[Related: 10 NHL people that need to have a better season in 2018-19]

7. Calgary Flames — The 2017-18 season was a giant disappointment for the Flames after there were such high preseason hopes. They were bringing back a really good young core with Johnny Gaudreau, Sean Monahan, and Matthew Tkachuk, and spent a ton of money and assets to bring in Travis Hamonic and Mike Smith to shore up the back end. Even though the three young forwards all played well (and Gaudreau was fantastic) everything else just kind of fell flat. James Neal is a nice addition up front, but trading Hamilton is a big blow to the defense even with Noan Hanifin and Elias Lindholm coming back in return. Smith was okay in his first year as their starting goaltender, but he is entering his age 36 season and just being “okay” may not be good enough.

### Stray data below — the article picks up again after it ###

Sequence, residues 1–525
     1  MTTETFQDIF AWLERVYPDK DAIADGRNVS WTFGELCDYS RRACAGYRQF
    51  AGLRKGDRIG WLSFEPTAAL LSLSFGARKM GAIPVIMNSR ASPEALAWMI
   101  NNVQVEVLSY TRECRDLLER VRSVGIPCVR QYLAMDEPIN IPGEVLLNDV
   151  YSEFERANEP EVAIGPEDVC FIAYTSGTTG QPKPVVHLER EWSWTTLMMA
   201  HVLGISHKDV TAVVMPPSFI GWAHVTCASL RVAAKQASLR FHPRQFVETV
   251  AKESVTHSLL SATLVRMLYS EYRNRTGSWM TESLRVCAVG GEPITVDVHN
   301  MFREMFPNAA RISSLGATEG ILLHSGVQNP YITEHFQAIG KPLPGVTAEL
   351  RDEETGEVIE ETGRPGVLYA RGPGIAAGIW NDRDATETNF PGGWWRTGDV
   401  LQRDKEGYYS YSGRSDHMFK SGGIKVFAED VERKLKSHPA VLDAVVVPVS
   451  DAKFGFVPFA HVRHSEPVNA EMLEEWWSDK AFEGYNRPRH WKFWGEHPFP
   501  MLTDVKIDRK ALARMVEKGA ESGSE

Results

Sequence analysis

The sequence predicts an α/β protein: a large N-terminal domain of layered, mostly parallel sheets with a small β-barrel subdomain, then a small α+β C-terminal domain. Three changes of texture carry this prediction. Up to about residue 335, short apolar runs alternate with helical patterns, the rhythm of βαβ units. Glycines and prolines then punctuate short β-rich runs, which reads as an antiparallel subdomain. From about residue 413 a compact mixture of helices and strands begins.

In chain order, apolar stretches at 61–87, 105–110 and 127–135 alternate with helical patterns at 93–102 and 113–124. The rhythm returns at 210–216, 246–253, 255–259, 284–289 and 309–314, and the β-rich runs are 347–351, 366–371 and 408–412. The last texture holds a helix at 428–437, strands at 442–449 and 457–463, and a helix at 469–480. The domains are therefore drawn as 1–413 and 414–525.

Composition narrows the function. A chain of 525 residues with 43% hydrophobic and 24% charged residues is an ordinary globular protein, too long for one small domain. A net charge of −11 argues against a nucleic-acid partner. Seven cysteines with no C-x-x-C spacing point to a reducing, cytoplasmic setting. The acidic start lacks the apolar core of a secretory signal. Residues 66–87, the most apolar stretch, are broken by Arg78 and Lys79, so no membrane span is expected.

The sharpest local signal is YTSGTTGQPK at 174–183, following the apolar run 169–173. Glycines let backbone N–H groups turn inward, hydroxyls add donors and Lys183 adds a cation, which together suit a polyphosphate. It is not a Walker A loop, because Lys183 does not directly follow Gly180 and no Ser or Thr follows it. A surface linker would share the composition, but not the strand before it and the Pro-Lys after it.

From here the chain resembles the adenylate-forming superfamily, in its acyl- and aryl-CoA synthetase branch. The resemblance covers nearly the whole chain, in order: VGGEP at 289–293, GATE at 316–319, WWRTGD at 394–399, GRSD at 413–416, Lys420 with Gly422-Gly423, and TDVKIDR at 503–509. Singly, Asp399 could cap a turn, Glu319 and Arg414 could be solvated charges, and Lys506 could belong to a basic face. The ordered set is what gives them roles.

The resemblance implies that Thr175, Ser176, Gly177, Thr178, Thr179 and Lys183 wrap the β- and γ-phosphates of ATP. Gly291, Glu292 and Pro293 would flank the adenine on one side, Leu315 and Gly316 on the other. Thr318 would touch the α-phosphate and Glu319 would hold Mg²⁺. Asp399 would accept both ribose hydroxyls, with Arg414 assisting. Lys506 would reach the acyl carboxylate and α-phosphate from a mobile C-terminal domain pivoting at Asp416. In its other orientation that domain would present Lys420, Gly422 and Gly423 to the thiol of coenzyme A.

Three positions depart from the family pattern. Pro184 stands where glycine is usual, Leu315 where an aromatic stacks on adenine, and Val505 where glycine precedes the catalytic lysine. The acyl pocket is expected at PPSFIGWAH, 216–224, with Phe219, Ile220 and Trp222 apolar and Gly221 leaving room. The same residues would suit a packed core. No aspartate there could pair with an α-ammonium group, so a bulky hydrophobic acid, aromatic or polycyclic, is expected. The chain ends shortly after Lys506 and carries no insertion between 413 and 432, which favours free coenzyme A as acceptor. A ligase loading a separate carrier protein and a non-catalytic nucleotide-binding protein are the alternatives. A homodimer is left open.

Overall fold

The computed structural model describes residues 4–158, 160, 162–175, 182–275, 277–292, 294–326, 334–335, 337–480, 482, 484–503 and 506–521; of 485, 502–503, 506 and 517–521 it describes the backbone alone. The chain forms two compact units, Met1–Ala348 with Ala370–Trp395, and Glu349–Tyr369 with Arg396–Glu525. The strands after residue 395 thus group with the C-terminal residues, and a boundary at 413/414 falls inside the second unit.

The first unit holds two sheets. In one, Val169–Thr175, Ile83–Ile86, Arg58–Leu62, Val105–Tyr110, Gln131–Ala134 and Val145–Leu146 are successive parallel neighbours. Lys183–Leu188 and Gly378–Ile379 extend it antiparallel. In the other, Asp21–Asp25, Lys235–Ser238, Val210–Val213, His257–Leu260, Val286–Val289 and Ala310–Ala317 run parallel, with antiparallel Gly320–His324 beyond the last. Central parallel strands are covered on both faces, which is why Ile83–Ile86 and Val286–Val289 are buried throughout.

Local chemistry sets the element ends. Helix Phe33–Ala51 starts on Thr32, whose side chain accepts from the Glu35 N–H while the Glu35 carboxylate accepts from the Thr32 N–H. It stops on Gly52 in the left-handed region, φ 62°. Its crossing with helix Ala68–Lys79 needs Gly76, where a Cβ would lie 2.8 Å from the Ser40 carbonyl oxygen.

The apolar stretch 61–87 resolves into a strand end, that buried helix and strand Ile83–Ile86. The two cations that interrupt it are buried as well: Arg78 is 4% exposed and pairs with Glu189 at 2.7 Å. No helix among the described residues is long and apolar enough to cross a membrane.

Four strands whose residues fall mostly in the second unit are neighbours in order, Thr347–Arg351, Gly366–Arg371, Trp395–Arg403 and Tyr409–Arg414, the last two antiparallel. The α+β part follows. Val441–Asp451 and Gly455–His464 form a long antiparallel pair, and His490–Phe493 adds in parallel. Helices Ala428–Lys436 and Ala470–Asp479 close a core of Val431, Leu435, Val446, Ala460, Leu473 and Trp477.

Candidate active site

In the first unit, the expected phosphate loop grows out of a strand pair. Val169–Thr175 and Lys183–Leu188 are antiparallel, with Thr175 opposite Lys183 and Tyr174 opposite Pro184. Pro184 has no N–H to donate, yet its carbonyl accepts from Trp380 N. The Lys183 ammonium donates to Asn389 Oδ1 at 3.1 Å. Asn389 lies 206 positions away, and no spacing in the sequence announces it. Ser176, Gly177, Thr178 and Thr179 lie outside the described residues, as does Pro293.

8. Arizona Coyotes — The Coyotes finished with the worst record in the Western Conference and the third worst record overall, but they finished really strong, beat a lot of really good teams, and have a ton of young talent in place. When healthy, Antti Raanta was as good as any goalie in the NHL last season and if he can come close to duplicating that performance over a full year he could be a game-changer for the Coyotes. Another potential game-changer: Dylan Strome, the third overall pick from 2015. After dominating the OHL and AHL the past couple of years he showed some of that ability at the NHL level down the stretch run of the regular season. He is still a big-time talent. They also have what should be a strong 1-2 punch down the middle with Derek Stepan and Alex Galchenyuk. They are not all the way there yet, but if a few things break their way (Raanta being as good as he showed last year; Strome taking a big step forward) they could be a big surprise team in the Western Conference.